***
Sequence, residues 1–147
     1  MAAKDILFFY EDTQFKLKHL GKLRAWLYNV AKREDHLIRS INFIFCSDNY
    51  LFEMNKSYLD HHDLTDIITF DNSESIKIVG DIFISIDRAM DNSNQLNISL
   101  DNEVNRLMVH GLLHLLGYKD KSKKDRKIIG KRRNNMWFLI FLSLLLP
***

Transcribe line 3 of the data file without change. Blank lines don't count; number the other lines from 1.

    51  LFEMNKSYLD HHDLTDIITF DNSESIKIVG DIFISIDRAM DNSNQLNISL